Tuesday, August 12, 2014

A First Go at Maurice

Last night I tried out the Maurice rules for the first time.  I've been looking for a set of rules that would enable me to use my Great Northern War Russians and my Ottoman Turks.  Jamie's also keen to try some American Revolutionary War gaming in 10mm and these rules might work for that too.

I tried out the most basic rules on the kitchen table and managed to play for about three hours without reaching a conclusion but I can see Maurice playing much quicker than that when I'm more experienced.  Not least of the problems was that I started with the armies too far apart. In the pic below the "Russians" (who included some Polish figures) are on the right.

I had the Russian commander launch a strong attack on the left flank with four units of Cossacks.  Like all units in this first game, they were treated as trained regulars for simplicity's sake.

Maurice takes some getting used to.  Game turns are VERY short - you can expect to get through many more in a game than you might with a more conventional set.  In each turn, however, a player only moves one unit or group of units.  The four Cossack units above represented one group for most of the game though there were times when I treated only two of them as a group.

This means that you, as commander of your army, need to decide where you want to focus your attention.  Any troops for which you don't spend resources (Action Cards) to move will just sit there and wait for you to give them appropriate orders.  This may seem unrealistic but my impression so far is that it seems to work.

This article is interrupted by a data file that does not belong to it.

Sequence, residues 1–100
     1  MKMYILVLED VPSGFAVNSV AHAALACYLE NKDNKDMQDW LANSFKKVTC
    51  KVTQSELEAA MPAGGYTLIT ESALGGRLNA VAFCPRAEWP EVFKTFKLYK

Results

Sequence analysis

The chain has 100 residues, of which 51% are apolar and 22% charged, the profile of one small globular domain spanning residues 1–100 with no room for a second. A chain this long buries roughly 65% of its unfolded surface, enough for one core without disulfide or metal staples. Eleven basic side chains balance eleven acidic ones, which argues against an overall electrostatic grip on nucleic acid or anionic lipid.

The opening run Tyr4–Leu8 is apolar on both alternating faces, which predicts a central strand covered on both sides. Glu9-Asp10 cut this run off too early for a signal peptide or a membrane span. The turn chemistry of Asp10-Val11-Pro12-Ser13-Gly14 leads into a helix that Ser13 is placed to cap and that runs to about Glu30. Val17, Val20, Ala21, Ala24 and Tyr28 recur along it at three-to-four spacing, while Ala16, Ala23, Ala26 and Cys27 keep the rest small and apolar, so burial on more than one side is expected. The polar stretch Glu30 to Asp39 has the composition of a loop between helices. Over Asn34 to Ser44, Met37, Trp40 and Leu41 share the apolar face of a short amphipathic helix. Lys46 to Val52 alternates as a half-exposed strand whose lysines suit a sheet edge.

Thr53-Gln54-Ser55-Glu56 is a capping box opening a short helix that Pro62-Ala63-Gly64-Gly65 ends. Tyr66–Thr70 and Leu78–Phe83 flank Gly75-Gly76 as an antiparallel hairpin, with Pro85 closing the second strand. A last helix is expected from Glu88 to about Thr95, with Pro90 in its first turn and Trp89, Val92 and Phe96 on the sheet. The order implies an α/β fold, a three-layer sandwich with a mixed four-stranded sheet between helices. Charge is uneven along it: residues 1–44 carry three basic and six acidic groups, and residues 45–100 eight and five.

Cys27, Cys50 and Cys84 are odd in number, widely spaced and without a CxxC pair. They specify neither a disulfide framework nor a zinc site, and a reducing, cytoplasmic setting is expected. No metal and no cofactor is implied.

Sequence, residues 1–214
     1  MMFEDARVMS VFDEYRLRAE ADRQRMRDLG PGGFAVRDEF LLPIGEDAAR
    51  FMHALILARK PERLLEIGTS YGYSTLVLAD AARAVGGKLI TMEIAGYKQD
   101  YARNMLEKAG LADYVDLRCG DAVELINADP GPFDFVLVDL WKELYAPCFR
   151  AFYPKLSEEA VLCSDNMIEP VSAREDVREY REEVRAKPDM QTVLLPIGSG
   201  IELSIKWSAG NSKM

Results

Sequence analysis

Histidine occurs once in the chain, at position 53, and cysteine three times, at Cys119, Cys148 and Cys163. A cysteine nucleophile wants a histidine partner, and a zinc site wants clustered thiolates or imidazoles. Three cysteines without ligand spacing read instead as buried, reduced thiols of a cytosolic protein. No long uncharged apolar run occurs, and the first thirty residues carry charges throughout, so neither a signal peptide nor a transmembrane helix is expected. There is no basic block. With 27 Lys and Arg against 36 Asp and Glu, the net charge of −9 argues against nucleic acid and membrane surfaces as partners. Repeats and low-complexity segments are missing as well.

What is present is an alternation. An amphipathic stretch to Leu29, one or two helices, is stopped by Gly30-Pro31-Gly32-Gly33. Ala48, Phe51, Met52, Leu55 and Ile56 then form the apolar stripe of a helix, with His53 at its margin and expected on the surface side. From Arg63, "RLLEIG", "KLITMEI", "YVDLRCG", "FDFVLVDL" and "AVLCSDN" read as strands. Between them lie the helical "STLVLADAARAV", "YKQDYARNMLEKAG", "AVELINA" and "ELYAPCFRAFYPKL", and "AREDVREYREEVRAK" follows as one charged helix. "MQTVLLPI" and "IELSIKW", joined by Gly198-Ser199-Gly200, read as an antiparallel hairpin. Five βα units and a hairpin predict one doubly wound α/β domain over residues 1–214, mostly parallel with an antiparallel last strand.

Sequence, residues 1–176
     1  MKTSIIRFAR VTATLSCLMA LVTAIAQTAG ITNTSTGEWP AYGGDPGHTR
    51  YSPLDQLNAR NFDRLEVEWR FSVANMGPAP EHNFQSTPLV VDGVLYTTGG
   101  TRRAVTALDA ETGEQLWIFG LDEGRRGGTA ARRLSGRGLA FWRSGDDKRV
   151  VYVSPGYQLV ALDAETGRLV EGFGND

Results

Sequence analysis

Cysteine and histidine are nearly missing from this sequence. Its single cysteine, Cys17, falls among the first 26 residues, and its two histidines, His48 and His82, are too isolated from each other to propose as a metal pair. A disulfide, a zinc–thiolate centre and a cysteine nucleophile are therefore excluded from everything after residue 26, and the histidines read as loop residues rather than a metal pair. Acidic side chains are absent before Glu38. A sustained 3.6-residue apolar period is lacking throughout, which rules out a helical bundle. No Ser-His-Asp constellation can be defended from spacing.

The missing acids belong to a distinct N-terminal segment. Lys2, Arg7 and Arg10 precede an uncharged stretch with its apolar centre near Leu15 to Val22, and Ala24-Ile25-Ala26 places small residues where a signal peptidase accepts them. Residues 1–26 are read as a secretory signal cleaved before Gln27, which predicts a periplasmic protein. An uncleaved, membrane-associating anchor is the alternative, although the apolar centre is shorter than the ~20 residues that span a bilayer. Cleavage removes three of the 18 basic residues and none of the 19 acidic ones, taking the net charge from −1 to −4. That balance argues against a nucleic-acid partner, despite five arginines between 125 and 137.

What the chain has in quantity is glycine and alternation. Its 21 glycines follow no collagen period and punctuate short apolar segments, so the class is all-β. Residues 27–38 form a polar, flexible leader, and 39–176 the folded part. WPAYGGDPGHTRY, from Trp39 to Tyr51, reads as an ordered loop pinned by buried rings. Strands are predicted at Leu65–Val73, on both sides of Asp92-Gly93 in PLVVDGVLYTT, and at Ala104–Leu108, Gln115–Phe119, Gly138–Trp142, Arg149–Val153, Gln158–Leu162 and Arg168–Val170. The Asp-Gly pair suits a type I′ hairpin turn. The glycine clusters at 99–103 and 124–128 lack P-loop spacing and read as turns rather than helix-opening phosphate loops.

The "Russian" centre
Turkish artillery bombards
There aren't too many counters or markers disfiguring the battlefield - just one "Disruption" marker per unit.  I reused my Impetus painted stones.

A Cossack unit takes maximum Disruption in one turn from
the fire of Turkish infantry
So far I've only used the basic rules.  They use action cards that, in a way reminiscent of Pulp Alley, have two functions.  Each card may be used for its Span (a printed number on the card).  To activate a group of units you must play a number of cards whose Span totals at least the distance from your C-in-C to the nearest element of the group.

Alternatively each card also has a specific function.  For example "Stirrups In" cards give a bonus to charging cavalry, whilst "Find the Way" helps you move through bad going without picking up additional Disruption markers.  The rather splendid "That's Not on the Map!" lets you put down a previously unspotted area of marsh or rocky ground!

In the case below a units of Cossacks in massed formation have taken a Turkish infantry line in flank.  The Cossacks have used "Stirrups In" to give them a bonus but the Turks have countered with a similar bonus from "Hold the Line!"  Sadly this wasn't enough to overcome the -6 modifier for being flanked and the Turks were routed.

In the end I was forced by the clock to call it a day with both sides having lost one unit.

The plan next is to get Jamie involved in a game and then to try out the advanced rules, at which point I'll report back here.


Kaptain Kobold said...

Once you know the cards and are willing just to chuck most of them away to move things (rather than hoard them for the events), the game moves at a cracking pace.

And, yes, knowing when and how to focus your activities, and how to use the odd turn sequence to co-ordinate your troops is the key to the game.

Counterpane said...

Cheers, Alan.

Am I right in thinking the artillery pretty much has to be brigaded into one big grand battery to be worthwhile?

Kaptain Kobold said...

Pretty much, since in the basic game a Bombard action has to be applied to a group of guns. In the advanced rules there is an All Guns Bombard rule, which allows dispersed guns to fire. Dispersed guns are obviously harder to mover though.

You'll also note that unless you have Artillery Train as an advantage, your Artillery sets up and basically stays where it is for the rest of the game.